As we grow older, particularly as adults, many of us will inevitably reach the point where we begin worrying about the health of our parents. We want them to stay healthy and live independently as long as possible, but there will come a time where they may need help with some common daily activities.
Parents often feel they are burdening their kids when it comes to their health care needs. A 2009 study revealed dialogue from seniors aged 69 and up that focused on aging seniors’ feelings on their kids being involved in their health care as they grow older.
“My one daughter has all these responsibilities with her job and she has her children. I don’t feel that they should have to take care of us,” one elderly person said.
Another older woman mentioned that she hid her true feelings from her daughter’s family to avoid being a burden on them.
“Sometimes I have to tell her I’m ok but I’m not. ‘Cause she wants me to move out of my house and come live with her and her husband,” she said.
These feelings, while natural, don’t need to be hidden inside your loved ones for long. An open conversation about the future is an important step in alleviating those feelings. So when is the right time to start having that conversation?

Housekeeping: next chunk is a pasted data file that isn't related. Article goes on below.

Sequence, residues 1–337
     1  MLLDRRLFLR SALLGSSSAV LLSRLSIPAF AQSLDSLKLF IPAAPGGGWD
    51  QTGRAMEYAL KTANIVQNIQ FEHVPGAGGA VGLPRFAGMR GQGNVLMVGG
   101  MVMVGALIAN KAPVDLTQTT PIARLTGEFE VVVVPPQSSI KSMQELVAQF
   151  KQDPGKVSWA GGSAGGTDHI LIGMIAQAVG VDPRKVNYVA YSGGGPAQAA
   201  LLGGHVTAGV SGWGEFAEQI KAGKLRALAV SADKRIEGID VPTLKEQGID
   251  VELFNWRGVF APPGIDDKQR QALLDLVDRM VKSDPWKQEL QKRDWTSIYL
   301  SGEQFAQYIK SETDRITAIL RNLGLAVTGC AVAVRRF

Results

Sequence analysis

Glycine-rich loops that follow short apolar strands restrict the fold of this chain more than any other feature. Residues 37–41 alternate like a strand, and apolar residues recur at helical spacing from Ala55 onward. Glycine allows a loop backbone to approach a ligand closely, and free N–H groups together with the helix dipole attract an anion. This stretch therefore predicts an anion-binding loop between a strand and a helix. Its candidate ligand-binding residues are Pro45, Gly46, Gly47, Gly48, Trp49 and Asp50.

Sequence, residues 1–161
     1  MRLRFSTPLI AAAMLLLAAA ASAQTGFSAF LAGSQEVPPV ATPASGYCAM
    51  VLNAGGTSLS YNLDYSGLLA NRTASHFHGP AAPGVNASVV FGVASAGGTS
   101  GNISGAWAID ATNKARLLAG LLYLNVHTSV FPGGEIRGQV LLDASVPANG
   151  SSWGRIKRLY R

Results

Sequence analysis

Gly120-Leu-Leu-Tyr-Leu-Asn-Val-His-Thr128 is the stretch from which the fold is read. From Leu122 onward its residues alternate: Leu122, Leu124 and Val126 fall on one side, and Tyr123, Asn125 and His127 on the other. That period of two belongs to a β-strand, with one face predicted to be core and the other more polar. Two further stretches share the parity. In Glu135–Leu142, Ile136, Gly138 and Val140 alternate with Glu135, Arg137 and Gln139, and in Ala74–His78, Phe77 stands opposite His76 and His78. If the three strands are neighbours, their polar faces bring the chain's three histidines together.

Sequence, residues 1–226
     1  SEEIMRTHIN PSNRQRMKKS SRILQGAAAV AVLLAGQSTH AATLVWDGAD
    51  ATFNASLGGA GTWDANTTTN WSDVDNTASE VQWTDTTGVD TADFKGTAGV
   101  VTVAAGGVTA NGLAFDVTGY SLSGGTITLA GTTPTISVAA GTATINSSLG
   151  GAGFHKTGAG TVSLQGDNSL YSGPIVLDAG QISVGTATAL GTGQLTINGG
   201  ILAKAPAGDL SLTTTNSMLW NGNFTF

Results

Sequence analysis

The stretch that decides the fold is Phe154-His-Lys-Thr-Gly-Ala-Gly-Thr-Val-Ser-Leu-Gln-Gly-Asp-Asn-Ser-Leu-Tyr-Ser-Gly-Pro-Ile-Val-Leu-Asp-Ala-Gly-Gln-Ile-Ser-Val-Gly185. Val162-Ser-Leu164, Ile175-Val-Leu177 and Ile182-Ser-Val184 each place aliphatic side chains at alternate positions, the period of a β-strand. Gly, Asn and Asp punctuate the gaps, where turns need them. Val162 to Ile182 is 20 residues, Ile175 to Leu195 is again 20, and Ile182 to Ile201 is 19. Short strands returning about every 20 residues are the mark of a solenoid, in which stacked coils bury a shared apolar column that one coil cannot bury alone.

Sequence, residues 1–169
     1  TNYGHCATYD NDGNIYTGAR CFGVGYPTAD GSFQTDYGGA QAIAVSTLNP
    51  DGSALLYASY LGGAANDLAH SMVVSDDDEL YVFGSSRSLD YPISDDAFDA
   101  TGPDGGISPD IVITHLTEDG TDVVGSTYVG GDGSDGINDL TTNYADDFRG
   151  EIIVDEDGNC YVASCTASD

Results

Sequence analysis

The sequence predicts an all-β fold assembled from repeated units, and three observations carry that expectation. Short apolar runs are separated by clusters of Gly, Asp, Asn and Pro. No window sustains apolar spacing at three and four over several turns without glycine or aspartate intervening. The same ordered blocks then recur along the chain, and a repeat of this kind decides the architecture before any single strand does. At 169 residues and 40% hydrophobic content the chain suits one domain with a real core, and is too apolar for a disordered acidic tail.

When To Have The Conversation About Moving
The conversation of moving your loved ones is difficult on its own, but deciding when it’s time to have the conversation is just as tough. It may not be safe for your parents to live in their home anymore, because their inability to clean and maintain their current residence can cause potential health problems (mold, pests) and dangerous living conditions (faulty wiring, leaky pipes). There’s also the issue of whether or not your loved ones are able to physically and mentally live on their own anymore.
The concept of ADLs (activities of daily living) helps give you a good idea of if you should be looking to move your loved ones and how intensive their future place needs to be in terms of their health care. The ADL concept was developed by Dr. Sidney Katz, who determined that every human needs to complete six daily functions to live independently. They are:
- Getting dressed
- Going to the bathroom
- Controlling when you can go to the bathroom
- Getting out of bed